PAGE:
After the death of her sister Susan in 1877, Sarah Helen Whitman found herself alone in an empty house and declining rapidly in health. Given these circumstances, it’s clear why she graciously accepted the offer of her friend, Mrs. Albert Dailey, to live with her and her family in their home at (then) 97 Bowen Street. It was there that Sarah Helen Whitman took her last breath only five months later.
Shortly after moving in, Whitman wrote in a letter to Poe biographer John Henry Ingram “I am for the present in the beautiful home of the Dailey’s—sitting before a cheerful wood fire in an upper-room looking out on fields and meadows and pleasant gardens.” She had a generous room, with all her statues and portraits decorated to her liking. She was free to take guests as she pleased and had complete liberty in the home. There’s no reason to believe that Whitman was financially indebted to the Dailey family, for the seventy five year old was still receiving a generous income that she surely used part of to pay her caretakers. Mrs. Dailey’s oldest daughter, Charlotte Field Dailey, was especially fond of Mrs. Whitman and devoted much of her time to the elderly woman. Charlotte listened to Whitman recount her life and talk about all the prominent names she came to know along the way. One name that came up was of course Edgar Allan Poe, whose portrait hung in Whitman’s room in the home. Sarah Helen Whitman would often gaze at the portrait as she recollected her relationship with the poet. There was no doubt in anyone’s mind that Whitman was fearlessly ready for death.
On June 27, 1878, Sarah Helen Whitman passed away quietly at half past nine o’clock with Mrs. Albert Dailey and her daughters at her bedside. Her cause of death was “affection of the heart, complicated by other ailments.” She was 75 years old. Whitman’s friends were beguiled by her cheerful, uncomplaining manner during her final days. She requested that a formal announcement of her death be sent to the papers after her funeral, and that no invitations be sent out. But this request did not halt so large a turnout. The service took place right at the Dailey’s home. Whitman’s remains lied in a casket veiled with white cloth, surrounded by an array of gorgeous flowers. A wreath of green leaves and ripened wheat sat at the top of the coffin, while her hands pressed to her chest, a bunch of beautiful roses. The service closed with scriptures read by her friend, Miss. Anna C. Garlin (secretary of the Women’s Suffrage Association in Providence) followed by a recitation of a poem from the works of the departed, “The Angel of Death.” Her remains were interred at the North Burial Ground towards the closing of the afternoon, with her grave lined completely with laurel and evergreen so that none of the naked earth could be seen. After the casket was lowered, friends tossed upon it more bunches of greens and each a scatter of flowers. Although Whitman requested that no stone be placed above her remains, Mrs. Albert Dailey, who was also her executor, commissioned a “suitable tablet” in her honor. In death, Sarah Helen Whitman was smothered with emblems of immortality that truly reflected the legacy she would hold.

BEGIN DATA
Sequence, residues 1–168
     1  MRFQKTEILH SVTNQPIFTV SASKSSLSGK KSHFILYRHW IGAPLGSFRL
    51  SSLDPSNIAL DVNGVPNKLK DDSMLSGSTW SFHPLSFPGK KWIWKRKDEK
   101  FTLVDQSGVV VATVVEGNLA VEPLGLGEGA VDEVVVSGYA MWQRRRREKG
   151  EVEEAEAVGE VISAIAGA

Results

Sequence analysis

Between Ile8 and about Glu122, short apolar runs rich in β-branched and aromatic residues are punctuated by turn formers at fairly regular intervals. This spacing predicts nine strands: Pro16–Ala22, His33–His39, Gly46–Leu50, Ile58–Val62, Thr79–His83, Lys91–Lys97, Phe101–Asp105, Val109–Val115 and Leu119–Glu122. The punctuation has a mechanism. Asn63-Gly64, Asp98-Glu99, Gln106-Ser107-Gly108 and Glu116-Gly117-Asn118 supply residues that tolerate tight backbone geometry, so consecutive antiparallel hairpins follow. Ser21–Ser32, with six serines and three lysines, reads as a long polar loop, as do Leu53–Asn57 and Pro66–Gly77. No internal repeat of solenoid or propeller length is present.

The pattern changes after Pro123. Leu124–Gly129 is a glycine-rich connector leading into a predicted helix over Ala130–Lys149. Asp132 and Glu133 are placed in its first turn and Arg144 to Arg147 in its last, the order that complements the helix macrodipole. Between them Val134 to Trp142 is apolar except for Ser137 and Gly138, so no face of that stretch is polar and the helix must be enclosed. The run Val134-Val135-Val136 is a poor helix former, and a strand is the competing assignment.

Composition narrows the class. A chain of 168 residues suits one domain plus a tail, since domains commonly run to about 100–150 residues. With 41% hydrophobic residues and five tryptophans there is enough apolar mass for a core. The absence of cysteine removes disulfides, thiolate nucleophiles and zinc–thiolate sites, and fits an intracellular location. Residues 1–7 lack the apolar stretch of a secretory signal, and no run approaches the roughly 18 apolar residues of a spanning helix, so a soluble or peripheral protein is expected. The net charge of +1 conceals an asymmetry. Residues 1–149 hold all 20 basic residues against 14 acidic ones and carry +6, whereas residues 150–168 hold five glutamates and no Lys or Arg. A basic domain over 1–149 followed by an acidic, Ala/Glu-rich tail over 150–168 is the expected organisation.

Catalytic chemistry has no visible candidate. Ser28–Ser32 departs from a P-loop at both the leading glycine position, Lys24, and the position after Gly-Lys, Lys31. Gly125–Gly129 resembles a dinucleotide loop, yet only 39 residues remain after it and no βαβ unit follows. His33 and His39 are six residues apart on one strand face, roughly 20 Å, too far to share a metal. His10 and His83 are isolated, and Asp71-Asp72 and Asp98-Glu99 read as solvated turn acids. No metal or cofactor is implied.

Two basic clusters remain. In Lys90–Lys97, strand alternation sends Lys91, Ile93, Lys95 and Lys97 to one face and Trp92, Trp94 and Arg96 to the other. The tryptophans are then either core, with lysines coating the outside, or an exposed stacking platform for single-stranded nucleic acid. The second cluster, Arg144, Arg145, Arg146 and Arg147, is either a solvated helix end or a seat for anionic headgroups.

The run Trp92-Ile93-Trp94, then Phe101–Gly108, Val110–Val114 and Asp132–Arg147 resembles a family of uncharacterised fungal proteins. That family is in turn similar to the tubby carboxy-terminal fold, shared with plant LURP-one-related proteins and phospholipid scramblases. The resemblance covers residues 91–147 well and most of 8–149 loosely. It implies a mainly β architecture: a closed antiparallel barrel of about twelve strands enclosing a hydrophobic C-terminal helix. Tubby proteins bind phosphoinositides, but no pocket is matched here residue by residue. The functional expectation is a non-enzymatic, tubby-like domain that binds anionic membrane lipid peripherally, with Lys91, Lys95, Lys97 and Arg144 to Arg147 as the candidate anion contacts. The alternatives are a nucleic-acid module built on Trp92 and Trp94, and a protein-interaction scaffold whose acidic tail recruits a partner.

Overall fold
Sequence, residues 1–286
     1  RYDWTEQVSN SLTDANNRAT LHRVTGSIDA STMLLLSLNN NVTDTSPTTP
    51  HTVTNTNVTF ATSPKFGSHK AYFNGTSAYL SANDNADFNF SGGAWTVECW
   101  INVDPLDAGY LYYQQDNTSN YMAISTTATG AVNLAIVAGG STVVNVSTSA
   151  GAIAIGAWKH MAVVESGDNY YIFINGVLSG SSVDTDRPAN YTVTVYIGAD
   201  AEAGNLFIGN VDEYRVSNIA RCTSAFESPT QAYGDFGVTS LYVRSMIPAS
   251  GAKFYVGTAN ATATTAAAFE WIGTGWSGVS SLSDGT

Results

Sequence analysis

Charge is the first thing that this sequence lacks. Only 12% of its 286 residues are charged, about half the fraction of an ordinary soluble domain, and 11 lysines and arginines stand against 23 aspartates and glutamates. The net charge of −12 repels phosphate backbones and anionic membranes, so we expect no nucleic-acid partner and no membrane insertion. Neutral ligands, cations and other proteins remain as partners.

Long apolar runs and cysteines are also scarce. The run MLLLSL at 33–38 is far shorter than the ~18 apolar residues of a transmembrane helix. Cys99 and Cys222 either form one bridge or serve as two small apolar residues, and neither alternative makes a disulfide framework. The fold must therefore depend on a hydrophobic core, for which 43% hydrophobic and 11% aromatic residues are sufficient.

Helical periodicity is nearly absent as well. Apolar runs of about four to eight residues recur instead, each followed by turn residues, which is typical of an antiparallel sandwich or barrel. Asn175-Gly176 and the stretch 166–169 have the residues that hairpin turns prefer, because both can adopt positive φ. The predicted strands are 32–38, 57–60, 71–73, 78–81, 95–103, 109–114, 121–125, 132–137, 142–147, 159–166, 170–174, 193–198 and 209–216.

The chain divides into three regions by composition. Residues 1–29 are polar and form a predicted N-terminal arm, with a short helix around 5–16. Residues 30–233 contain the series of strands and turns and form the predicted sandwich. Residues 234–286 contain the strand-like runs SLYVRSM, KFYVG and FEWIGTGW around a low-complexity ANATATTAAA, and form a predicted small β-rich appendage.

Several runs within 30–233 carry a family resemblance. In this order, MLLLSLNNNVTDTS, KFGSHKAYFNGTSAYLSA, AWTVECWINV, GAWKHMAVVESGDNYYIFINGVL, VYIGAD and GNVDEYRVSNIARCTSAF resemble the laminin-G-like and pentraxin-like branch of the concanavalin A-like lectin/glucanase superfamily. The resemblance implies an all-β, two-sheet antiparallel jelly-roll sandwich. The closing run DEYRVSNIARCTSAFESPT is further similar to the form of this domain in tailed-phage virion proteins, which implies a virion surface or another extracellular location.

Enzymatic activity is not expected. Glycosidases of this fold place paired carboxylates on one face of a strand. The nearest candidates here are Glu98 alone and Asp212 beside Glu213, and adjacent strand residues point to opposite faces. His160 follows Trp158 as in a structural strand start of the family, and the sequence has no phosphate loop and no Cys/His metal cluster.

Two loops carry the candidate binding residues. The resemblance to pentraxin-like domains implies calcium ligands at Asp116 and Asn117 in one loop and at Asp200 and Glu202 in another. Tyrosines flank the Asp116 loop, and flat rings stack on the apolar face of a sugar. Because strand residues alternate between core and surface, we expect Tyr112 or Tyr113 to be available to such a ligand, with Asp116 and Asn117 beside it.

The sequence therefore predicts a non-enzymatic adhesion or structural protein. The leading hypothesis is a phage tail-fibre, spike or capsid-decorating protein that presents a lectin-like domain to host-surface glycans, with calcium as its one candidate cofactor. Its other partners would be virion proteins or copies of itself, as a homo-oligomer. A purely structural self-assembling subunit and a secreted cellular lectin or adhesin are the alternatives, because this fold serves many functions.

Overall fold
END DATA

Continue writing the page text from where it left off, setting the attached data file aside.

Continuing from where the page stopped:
In 1878, the Dailey home was perpendicular to Brown Street with the side of the house facing Bowen. Sometime between 1882 and 1899, Brown Street was extended to the front of the Dailey house and it was readdressed entirely to 133 Brown Street. This of course changed the numbering on Bowen Street, making today’s 97 Bowen Street completely irrelevant to Whitman and the Dailey family, and 133 Brown Street the correct location of the house on today’s map.